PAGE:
Thursday, December 10, 2009

The Cloud ... and why aren't we using it properly?

I had a random thought while walking the dog this evening, it went a little like this:

  • Cloud computing is fairly ubiquitous 
  • Everyone is developing applications that are "Cloud" based (e.g: App Engine, EC2, Azure ...)
  • Where are they developing this software?
So the final point is the bit I'm interested in.

Being the hack that I am, I use a mixture of Eclipse, Xcode, TextMate and various Database tools to write the stuff that I do. All of this is based on the fact that the machine in front of me is a Mac. I like Mac's, they compliment the way I work. I use Windows/Linux at work, it compliments what I do there.

But the point of the matter is that I'm developing on a platform in a "platform independent" language thats eventually going to be living in the Cloud. Does it matter what platform I'm using to develop on?

This lead me to another question:

Should I even be developing software on my desktop?

The answer to this (for the Cloud anyway) is: No.

If I'm writing something that lives in the cloud, why am I not developing it in the cloud itself? Why is there not an IDE that lives in the cloud? Why isn't there an equivalent of Eclipse that is web based? Hell, it means I wouldn't have to find where I left the jar for x.y.z version 1.2.3 .... because its already out there ... 

This is what I'd like:
  1. Something usable - much like Eclipse or XCode - a useful IDE
  2. Make that puppy web based 
  3. When I do something like the following:
    AdminClient theClient = new AdminClient();
    It gets the correct jar file from ... the internet!
  4. It means I can use a browser anywhere to do what I need to do ...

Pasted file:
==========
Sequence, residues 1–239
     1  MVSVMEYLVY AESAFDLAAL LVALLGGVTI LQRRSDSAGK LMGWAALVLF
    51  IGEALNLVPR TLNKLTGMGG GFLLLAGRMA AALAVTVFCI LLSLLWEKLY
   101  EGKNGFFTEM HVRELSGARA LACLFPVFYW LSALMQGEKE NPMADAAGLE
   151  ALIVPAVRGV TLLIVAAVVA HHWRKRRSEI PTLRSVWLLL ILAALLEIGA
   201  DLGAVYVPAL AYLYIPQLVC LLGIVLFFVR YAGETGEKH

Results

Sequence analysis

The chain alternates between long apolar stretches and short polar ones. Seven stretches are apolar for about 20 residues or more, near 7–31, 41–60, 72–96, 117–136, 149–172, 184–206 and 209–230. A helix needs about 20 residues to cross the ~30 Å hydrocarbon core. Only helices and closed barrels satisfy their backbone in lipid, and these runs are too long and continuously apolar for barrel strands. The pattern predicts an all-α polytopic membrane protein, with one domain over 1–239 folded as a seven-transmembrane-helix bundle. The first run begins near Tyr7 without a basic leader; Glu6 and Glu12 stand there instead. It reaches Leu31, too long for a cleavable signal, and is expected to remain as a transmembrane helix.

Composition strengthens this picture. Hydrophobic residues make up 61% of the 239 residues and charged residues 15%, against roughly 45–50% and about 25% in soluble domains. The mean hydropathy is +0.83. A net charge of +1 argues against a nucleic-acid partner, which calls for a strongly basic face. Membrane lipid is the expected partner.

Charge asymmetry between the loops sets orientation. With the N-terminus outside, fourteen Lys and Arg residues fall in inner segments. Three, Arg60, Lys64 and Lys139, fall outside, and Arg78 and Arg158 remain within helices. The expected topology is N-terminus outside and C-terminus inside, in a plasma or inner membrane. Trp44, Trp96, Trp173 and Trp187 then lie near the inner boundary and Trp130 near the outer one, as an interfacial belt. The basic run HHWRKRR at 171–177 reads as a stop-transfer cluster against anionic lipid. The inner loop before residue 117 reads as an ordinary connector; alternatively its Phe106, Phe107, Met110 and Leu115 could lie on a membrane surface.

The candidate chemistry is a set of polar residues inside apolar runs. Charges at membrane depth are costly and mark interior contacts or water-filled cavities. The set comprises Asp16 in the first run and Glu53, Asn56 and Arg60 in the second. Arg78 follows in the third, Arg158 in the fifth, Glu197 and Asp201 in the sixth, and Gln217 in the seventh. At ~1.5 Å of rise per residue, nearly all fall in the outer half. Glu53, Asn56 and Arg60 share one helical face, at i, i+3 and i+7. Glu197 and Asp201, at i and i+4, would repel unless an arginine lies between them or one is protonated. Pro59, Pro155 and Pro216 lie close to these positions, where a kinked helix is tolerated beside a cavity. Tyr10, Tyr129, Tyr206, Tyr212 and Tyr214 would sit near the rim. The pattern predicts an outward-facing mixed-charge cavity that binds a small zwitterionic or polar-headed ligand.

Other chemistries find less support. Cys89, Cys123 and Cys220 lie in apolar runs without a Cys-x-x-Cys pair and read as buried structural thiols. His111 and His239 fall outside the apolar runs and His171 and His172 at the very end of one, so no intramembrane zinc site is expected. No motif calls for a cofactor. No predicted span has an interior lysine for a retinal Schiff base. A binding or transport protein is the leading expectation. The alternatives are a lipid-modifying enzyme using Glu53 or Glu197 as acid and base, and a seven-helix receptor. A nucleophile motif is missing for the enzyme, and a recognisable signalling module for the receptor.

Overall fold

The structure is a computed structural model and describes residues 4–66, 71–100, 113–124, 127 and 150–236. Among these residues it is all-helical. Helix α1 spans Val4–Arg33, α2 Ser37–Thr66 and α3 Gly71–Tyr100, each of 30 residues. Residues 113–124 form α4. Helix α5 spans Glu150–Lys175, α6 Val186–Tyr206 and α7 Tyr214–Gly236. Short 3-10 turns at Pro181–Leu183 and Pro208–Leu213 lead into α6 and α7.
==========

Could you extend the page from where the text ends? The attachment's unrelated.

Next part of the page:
5. It means that we are one step closer to not requiring anything more than a browser
I know that its probably quite impractical, the amount of JavaScript or other enabling language would be immense to accomplish this and the load times would be immense. But they wouldn't have to be.

Google just released Google Web Toolkit 2.0, it has a snazzy feature called code splitting. It only ships you the bits of javascript that you need at the time. If I dont hit ctrl-space to autocomplete a snippet, then dont ship the autocomplete to me. If I'm not playing with build configurations - dont send me the js to do that.

Make this lean and mean and all it means is that I'll just need a netbook to do everything, then I can ditch the power hungry behemoth on my lap (although it is shiny and looks very nice). Why not give me a tablet-esque thing with a touchscreen so i can use it like a pad and paper, the local hardware can do all of the pen -> character conversion, and the cloud can do the heavy lifting.

Just a thought ...

-- Update: 22nd September 2010

So then Rails 3.0.0 comes along and adds bundles. You have a gemfile that automagically install all of your required gems from the interweb. Use it on Heroku and your reuiqrements are satisfied immediately .... Nice.

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